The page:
As a hiking enthusiest, GPS coordinates are very important to me.  I want to know where the photo was taken and where the subject is relative to the shot.  In the past I have used complex systems involving coordination between my camera clock and external GPS generated track file to edit the EXIF data and add the proper coordinates.  This task has become far simpler with the addition of the Canon GP-E2 unit as it will record lattitude, longitude, elevation, and compass data directly to the EXIF as I shoot.

Photo editing and organization has come a long way in the past few years.  I have always craved a strong organizational system to hold my photo data, but I deplore proprietary systems that are subject to change or a end-of-life that can porentially ruin my organizational schema and edits.  This occured when Apple announced the end of their Aperture product in favor of “Photos”, an absolute consumer-level system that mimics iOS over any sembalence of a professional cataloging system.  Consequently, in December 2014 I made the switch to Adobe Lightroom and have been thrilled with it ever since.

Lightroom affords me a few core standards that are imperative to my left-brain:

  • Holds photos in the Finder (Windows Explorer if you are on the Redmond, WA stuff) in a standard format that is non-proprietary.  Imported RAW files live in a folder structure I designate (YYYY/MM/DD).
  • Meta data is preserved in a  sidecar file using an XML format that is open and non-proprietary.  Changes I make to metadata are initially recorded in the catalog file.  Once I am done with a set, I commit those changes to the files but this simply means that a sidecar xml file is created next to each RAW file.  
  • Editing is non-destructive and lightweight.  Edits I make to the files are recorded in the same manner as are metadata changes, to the catalog.  Once I am done developing a set, I commit those changes to the files and the sidecar xml is created/modified.  
  • ddd

* About sidecar files vs. Adobe DNG:  There are two schools of thought regarding whether to use the Adobe (“open”) DNG format.  Some photographers justify DNG use because it makes for a single file (all metadata and edits are stored within the DNG container) that lived in an open-standard file.  I get that and at one point, thought this quite logical, however there are two key reasons why I chose to stay with the manufacturer RAW format (in my case, Canon .CR2) with the sidecar XML:  A. There are no guarantees that the DNG format contains all data from the camera RAW file (camera raw files are proprietary and no one knows for certain that all data is preserved in the conversion to DNG), B. the DNG system makes for a less elegant differential backup solution.  That second ratinalle against using DNG is big for me.  I use Crashplan to nightly backup my photos.  Consequently, I know that when I wake in the morning, my photos are all backup up.  If I make meta or develop changes to the files, all that changes insofar as the Crashplan differential backup are the sidecar files.  They are tiny in size and so hours of work can be backed up rapidly without needing to upload massive raw images again.  Speaking of backup, in addition to Crashplan, I also weekly backup (via the Lightroom catalog backup settings) my Lightroom catalog file to my Dropbox.  So if I have been working on a few sets and have not set committed changes to the sidecar files, I am still in a good place in regard to backup.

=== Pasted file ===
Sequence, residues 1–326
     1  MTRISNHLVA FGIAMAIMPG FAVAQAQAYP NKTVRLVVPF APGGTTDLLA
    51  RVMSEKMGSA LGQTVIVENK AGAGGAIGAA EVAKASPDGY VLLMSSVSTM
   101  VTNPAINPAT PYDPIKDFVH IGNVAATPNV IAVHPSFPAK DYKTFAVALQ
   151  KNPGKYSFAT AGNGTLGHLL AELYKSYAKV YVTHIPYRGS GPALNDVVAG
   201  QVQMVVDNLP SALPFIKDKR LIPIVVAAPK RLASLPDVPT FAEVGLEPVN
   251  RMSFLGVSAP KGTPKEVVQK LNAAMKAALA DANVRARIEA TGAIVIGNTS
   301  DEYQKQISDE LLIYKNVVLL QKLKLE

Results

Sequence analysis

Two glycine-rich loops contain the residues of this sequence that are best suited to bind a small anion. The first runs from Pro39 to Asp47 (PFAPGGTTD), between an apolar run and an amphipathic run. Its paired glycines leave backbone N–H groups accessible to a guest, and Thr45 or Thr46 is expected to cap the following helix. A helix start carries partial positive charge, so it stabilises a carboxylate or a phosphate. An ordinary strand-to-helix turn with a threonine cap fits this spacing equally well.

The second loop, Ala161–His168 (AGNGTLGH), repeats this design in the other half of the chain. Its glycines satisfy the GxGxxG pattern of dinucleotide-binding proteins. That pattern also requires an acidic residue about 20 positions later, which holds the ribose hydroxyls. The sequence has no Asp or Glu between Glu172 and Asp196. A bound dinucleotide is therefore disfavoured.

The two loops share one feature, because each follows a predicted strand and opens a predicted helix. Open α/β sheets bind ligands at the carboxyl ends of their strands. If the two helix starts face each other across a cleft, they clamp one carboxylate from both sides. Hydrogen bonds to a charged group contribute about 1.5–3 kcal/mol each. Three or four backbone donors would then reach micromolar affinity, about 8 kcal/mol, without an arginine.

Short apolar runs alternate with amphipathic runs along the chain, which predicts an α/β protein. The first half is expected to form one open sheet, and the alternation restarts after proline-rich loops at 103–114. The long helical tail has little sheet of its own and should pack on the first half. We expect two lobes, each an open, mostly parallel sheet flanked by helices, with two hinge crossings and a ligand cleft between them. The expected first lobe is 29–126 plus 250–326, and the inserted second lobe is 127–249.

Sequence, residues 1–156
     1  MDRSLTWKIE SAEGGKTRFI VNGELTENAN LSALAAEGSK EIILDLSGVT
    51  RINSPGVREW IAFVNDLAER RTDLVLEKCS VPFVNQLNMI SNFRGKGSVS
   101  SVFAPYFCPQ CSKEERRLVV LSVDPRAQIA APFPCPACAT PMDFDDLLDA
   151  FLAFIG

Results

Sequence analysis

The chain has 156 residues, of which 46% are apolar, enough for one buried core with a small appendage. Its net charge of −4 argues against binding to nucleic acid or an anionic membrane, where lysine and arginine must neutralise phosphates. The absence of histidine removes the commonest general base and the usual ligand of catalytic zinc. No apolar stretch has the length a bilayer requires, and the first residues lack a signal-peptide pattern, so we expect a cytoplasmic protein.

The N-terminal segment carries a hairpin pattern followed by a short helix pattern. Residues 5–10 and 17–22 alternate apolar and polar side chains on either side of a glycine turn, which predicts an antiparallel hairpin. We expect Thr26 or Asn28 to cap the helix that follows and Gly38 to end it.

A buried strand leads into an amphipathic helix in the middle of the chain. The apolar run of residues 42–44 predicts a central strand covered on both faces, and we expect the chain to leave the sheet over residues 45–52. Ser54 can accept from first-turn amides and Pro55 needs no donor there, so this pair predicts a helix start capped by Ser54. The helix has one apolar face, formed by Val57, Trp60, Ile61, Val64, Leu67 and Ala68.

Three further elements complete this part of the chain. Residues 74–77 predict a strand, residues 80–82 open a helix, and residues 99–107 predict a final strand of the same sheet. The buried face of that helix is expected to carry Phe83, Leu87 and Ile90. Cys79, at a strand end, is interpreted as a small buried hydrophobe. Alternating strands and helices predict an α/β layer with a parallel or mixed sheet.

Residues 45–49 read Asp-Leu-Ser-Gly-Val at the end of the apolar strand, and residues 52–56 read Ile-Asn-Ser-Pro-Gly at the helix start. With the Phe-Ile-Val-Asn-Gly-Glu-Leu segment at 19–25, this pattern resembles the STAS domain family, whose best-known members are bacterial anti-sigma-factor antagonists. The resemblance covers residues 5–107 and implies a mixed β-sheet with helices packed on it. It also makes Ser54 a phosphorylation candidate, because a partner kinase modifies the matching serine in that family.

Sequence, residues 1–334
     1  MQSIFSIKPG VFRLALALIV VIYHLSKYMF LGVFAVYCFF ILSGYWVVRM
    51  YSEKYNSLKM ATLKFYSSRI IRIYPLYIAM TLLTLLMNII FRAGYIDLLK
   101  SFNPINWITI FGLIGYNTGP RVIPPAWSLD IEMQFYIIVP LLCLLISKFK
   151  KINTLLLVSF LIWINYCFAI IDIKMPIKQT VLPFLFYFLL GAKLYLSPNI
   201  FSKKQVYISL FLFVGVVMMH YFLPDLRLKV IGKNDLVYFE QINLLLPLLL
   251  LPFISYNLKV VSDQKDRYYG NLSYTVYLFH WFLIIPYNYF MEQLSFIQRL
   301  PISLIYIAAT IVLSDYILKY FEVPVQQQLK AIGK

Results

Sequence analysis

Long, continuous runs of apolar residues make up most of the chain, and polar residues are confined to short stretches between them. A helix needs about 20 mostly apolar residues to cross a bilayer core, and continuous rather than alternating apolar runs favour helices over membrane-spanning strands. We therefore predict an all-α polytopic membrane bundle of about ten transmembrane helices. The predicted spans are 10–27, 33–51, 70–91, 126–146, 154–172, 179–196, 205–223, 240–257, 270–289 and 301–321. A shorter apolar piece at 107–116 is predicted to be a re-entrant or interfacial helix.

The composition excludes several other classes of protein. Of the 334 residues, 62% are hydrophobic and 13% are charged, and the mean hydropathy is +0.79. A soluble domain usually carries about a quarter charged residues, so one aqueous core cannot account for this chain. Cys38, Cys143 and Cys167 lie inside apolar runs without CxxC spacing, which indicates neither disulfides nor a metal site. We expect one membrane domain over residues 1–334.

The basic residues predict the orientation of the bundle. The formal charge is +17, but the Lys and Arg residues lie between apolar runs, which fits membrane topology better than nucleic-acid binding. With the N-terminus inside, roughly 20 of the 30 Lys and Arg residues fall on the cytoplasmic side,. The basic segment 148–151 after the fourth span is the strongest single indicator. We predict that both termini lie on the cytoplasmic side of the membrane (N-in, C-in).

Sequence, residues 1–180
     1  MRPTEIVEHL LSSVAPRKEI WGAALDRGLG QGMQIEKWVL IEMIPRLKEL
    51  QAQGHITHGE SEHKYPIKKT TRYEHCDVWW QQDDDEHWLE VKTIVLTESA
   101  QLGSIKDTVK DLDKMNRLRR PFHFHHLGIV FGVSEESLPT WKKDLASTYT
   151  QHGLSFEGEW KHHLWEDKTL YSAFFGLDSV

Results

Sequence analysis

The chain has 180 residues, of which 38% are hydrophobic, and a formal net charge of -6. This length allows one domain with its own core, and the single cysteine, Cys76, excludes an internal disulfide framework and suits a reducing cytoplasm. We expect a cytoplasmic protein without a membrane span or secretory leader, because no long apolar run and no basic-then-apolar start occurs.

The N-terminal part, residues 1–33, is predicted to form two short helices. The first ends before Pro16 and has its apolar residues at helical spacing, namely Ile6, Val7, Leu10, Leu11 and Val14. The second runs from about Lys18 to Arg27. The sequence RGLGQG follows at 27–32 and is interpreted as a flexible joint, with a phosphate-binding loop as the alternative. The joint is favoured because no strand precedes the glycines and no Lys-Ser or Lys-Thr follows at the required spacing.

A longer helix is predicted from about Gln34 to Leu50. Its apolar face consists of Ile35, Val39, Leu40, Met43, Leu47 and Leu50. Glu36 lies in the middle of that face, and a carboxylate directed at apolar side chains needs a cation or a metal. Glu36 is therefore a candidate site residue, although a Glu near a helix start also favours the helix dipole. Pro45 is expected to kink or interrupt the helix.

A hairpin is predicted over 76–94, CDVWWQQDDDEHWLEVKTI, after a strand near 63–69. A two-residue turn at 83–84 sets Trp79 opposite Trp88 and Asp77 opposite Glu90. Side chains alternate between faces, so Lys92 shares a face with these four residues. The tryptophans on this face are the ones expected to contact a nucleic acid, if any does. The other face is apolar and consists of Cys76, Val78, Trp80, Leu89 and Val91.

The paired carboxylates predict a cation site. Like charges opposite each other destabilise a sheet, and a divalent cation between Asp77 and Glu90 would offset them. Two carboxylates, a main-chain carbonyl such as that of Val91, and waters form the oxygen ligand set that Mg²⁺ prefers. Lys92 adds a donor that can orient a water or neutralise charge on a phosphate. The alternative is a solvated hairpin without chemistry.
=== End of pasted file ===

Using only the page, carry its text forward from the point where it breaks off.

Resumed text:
Lightroom and plugins

Link to Flickr works.

the Gamer

For my latest favorite tracks

the Music Lover

Discuss musical tastes here.

For my latest favorite tracks and artists, I maintain quarterly favorite playlists with

© 2013